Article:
‘Every so often I’ll get the proper CD version of an album I’ve fallen in love with as a download, and I’ll get a rude shock when confronted by the sense of dimension and spatiality in the music’s layers, the sculpted force of the drums, the sheer vividness of the sound. The difference between CD and MP3 is similar to that between “not from concentrate” orange juice and juice that’s been reconstituted from concentrate. (In this analogy vinyl would be ‘freshly squeezed, perhaps). Converting music to MP3 is a bit like the concentration process, and its done for much the same reason: it’s much cheaper to transport concentrate because without the water it takes up a lot loss volume and it weighs a lot less. But we can all taste the difference.’
As a society we are slowly coming to terms with the double challenge of hyper consumption and conservation thrown up by the mainstreaming of digital technology. Part of that challenge is to understand what happens to the digital data we use when we click ‘save as,’ or knowing what decisions need to be made about data we want to keep because it is important to us as individuals, or to wider society.
At Great Bear we can deliver digital files in compressed and uncompressed formats, and are happy to offer a free consultation should you need it to decide what to do with your tape based digital and analogue media.
The main work of Great Bear is to make analogue and digital tape-based media accessible for people living in a digital intensive environment. But once your tape-based media has been digitised, is that the end of the story? Do you never need to think about preservation again? What issues arise for information management in the future, and how do they relate to our actions in the present?
This year (2013) the National Archives in the UK are facing a huge challenge as the ’20-year rule‘, in which the government will be releasing records when they are 20 years old, instead of 30, comes into effect. A huge part of this process is the digitisation of large amounts of material so they can be easily accessible to the public.
What does this have to do with the digitisation of tape you may be wondering? Well, mostly it provides food for thought. When you read the guidelines for the National Archives’ digitisation strategy, it raises many points that are worth thinking about for everyone living inside an information intensive environment, professional archivist or not. These guidelines suggest that many of the problems people face with analogue media, for example not being able to open, play or use formats such as tape, floppy disks or even digital media, such as a cd-r, do not go away with the move toward wholesale digitisation. This is summed up nicely in the National Archive’s point about digital continuity. ‘If you hold selected digital records that are not yet due for transfer, you will need to maintain their digital continuity. This means ensuring that the records can be found, opened, understood, worked with and trusted over time and through change’. This statement encapsulates the essence of digital information management – the process whereby records are maintained and kept up to date with each technological permutation.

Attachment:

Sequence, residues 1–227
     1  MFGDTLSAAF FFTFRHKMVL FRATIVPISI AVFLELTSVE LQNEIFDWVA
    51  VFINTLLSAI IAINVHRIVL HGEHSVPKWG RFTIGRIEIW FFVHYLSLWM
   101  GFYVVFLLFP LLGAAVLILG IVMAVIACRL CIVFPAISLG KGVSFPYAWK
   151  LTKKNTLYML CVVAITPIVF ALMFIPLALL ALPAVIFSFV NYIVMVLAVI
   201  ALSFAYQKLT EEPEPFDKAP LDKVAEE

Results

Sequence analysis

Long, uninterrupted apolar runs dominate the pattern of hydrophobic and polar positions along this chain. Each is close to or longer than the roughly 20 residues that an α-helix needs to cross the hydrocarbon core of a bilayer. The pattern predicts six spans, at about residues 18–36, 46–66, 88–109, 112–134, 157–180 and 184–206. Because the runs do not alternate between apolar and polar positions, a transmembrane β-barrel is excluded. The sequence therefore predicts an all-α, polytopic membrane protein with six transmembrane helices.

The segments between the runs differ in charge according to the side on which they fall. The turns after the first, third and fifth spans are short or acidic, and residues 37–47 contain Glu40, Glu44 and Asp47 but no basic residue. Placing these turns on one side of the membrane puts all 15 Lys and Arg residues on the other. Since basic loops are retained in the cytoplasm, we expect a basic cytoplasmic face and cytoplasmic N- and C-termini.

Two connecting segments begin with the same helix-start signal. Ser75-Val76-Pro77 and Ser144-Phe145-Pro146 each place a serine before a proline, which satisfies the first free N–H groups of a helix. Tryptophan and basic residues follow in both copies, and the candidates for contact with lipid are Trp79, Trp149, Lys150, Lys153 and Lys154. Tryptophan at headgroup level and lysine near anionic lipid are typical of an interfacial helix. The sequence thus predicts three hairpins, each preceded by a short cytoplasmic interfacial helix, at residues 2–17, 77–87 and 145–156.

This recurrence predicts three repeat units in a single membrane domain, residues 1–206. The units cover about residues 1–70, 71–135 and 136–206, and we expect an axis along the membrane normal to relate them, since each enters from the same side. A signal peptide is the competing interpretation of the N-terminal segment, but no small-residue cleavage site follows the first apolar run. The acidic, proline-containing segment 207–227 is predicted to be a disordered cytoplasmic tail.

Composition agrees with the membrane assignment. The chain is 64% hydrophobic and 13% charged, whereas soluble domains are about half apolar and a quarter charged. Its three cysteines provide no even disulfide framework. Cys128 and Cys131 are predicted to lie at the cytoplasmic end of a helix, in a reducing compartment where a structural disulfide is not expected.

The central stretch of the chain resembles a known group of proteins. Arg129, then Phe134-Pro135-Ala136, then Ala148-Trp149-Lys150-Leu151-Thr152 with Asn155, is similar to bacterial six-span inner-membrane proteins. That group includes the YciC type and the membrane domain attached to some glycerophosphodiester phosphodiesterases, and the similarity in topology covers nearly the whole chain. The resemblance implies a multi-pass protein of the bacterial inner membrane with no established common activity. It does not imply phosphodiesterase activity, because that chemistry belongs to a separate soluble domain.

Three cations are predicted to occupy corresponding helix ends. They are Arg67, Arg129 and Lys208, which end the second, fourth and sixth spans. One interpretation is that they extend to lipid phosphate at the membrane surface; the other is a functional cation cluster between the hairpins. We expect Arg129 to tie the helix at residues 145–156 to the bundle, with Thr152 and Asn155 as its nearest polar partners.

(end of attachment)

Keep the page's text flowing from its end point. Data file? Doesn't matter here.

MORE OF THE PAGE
Later on in their recommendations they state something which may be surprising to people who assume that digitisation equates to some form of informational omnipotence: ‘Unlike paper records, digital records are very vulnerable and will not survive without active intervention. We cannot leave digital records on a shelf in an archive – they need active management and migration to remain accessible in the long term.’ These statements make clear that digital records are just as vulnerable as their analogue counterparts, which although subject to degrading, are in fact more robust than is often assumed.
What is the answer to ensuring that the data we create is usable in the future, is there an answer? It is clear on whatever format we choose to archive data there is always risk involved: the risk of going out of date, the risk of vulnerability, the risk of ‘not being able to leave them on the shelf’. Records, archives and data cannot, it seems, simply look after themselves. They have to adapt to their technological environments, as much as humans do.
As well as analogue tape, at Great Bear we also migrate digital tape to digital files. Digital media has become synonymous with the everyday consumption of information in the 21st century. Yet it may come as a surprise for people to encounter digital tape when we are so comfortable with the seemingly formless circulation of digital information on computers, at the cinema, on televisions, smartphones, tablets and other forms of mobile media. It is important to remember that digital information has a long history, and it doesn’t need to be binary or electronic – abacuses, Morse code and Braille are all examples of digital systems.
Digital Betacam tapes were launched in 1993 and superseded both Betacam and Betacam SP. Betacam remains the main acquisition and delivery format for broadcasting because there is very little compression on the tape. It is a very reliable format because it has a tried and tested mature transport mechanism.
While Digital Betacam is a current broadcast format, technology will inevitably move on – there is often a 10 year lifespan for broadcast media, as the parent company (SONY in this case) will cease to support the playing machines through selling spare parts.